Work, in the context of anti-work is, quoting St. Andrewism:

“Forced labor, that is, economic production enforced by the political and economic elites. The carrot and the stick. Workers are usually wage laborers, as the worker must sell themselves mind and body, for the purpose of production. Thus, work has an inherent dynamic of domination, one that we see elaborated in all industrial societies today -even the ones that claim to be socialist. We are employed to work at things called jobs where we must perform tasks that which, no matter how intrinsically interesting they may be, eventually become dull and monotonous when performed for upwards of 40 hours per week, with no say over when you show up or leave, what you do, how long you do it for, how much you do, who you do it with, or for whom it is done. All for the profit of those who control the means of production. “

While we could probably summarize ‘work’ for our purposes as forced labor, I found his exploration of work here useful. There is a difference in this understanding of work vs productivity. Work exists to make the rich richer and to exploit the working class. It funnels our labor and goods and services from our hands, hearts, and minds into the pockets of employers. Productivity can be disentangled and freed from the bonds of capitalism’s work, benefiting our communities and ourselves rather than the employers and rich.

“The world of work is an experience of suffocating beuracracy. Surveillance, rote work, high pace, quarters, time charts, persistent harassment, paternalistic management, exploitation, subordination, and totalitarian control for the sake of it. Your washroom breaks are often timed and regulated. Your clothing and hair strictly managed, which often has an anti-Black component to it. You are spied on and supervised, and you can be expelled at any time. Work is, therefore, the antithesis of freedom. The prison, the school, the factory, the office, and the store, are all stamped with the discipline of modern despots, and all share common techniques of control in common.”

“The clergy of work fail or don’t care to recognize that we do not work, we don’t sell our time and energy to a boss because we want to. We have to because there is no other way to get the money to get the things we need to survive…Our time and work is never really ours. That time is for our bosses who take the things we produce, or the neat objects like pizzas or housing units, services like cashiering or cooking, or qualities like clean floors or healthy patients and sell them for a profit, paying us only a portion of the value we produce, and using the rest to reinvest in capital and enlarge their own wealth. Our own lives are centered around this work. The money we get from this work sustains us just enough to keep coming back to work. Our time spent away from work is spent getting to or from work. Leisure itself is just non-work for the sake of work. It’s the limited time we spend trying to recover from work and distract ourselves from work. Because of work we are constantly under the tyranny of the clock…Our free time is not even ours. It still belongs to our boss in some capacity. So really, the only thing free about it, is our bosses don’t have to pay us for it.”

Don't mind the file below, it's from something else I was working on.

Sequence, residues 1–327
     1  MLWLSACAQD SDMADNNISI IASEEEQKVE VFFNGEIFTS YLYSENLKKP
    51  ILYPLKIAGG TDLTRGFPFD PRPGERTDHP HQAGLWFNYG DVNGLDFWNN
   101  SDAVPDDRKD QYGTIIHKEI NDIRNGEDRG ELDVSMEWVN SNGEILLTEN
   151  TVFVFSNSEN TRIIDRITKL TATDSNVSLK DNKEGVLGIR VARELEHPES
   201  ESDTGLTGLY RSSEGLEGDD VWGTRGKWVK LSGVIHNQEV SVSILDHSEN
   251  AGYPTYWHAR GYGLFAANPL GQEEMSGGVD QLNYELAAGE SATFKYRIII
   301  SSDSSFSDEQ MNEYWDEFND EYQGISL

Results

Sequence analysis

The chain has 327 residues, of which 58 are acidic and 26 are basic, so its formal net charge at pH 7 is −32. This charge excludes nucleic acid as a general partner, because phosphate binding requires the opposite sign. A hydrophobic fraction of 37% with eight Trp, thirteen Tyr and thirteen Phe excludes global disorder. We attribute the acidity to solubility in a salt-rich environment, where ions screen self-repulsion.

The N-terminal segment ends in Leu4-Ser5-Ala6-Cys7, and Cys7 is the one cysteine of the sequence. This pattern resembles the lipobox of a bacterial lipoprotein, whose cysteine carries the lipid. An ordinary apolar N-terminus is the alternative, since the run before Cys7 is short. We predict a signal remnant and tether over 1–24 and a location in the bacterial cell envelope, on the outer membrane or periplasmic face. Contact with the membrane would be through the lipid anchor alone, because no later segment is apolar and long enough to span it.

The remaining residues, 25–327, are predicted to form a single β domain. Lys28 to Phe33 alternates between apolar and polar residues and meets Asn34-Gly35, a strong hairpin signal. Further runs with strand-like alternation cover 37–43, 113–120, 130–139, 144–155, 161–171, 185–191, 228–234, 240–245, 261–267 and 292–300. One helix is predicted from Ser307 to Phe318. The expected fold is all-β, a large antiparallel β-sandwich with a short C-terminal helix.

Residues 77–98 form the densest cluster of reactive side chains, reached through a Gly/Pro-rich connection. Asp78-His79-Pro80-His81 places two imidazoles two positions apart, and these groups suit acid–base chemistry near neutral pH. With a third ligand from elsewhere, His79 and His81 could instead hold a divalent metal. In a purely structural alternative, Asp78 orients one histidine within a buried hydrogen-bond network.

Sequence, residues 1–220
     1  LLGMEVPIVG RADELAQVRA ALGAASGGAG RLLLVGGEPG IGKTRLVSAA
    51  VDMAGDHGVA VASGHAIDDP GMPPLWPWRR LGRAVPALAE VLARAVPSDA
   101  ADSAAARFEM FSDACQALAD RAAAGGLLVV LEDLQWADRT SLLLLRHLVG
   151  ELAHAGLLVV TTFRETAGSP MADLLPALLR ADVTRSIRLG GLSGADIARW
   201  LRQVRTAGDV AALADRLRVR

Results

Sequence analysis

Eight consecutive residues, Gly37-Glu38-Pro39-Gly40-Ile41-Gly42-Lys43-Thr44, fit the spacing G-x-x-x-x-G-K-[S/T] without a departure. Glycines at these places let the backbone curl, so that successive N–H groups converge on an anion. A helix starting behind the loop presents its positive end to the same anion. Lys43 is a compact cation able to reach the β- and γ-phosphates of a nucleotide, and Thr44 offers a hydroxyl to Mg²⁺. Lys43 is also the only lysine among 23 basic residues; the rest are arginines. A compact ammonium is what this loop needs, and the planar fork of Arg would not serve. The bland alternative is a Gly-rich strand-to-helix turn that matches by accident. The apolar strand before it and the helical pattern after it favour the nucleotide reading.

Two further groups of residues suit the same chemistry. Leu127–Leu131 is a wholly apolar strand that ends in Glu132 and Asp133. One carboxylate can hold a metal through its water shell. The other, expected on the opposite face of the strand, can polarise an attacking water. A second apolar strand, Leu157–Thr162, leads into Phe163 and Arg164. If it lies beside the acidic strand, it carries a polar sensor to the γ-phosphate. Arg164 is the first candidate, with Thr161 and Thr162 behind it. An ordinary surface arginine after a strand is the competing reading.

The labor that is converted into capital lines the pockets of the owner class. This, especially, has been on my mind lately. I began watching clips of the movie adaptation of The Big Short and then bought the audiobook of the book it is based on. If you cannot see what a leech the upper class is on the lower, then you need to at least watch the movie. The ‘clergy of work’, to use St. Andrewism’s phrase, are often those who most profit from the suffering of those beneath them.

I do not mean to say ‘see the movie’ as though most of my readers have not lived through the times depicted. I mean this in the sense that, with everything currently going on, from the invasion of Ukraine to the ongoing pandemic, it is easy to have forgotten those times or for them simply to have vanished behind the current haze of news. It is easier to forget the rank corruption and inherent destructive potential of the financial sector under the barrage of today’s news headlines. None of the economic landscape since the 2007 financial collapse has fundamentally changed in its operations or maintenance. The very financial tools that precipitated that collapse, the CDOs (Collateralized Debt Obligations), the MBS (Mortgage Backed Securities), subprime mortgages, and all the rest, are not only with us, they serve to undergird the economic system in a similar way to rusted metal in the bones of a bridge. As with 2007, the current economic system is entirely ready to give way to another catastrophic failure. We, the working class, are breaking our bodies, minds, and spirits for a system that will serve up our suffering again and again on a silver platter to the wealthiest people on this planet for their gain.

I turned 18 in 2004. Three years into college, and I watched as entire industries collapsed overnight. I watched as neighborhoods collapsed around me. I took on an immense amount of college debt and could not find work during my time there, or after college for some time. The landscape has not shifted too much in the intervening years, except for cost of living and inflation to rise, at 7% so far this year. Those of us who have thrived during this time are lucky, so far as our relative futures are concerned. It is less common for a person to work a single job. I do not. This writing is part of my work. It is not unusual for folks to have two or three jobs, including a side hustle on top of it.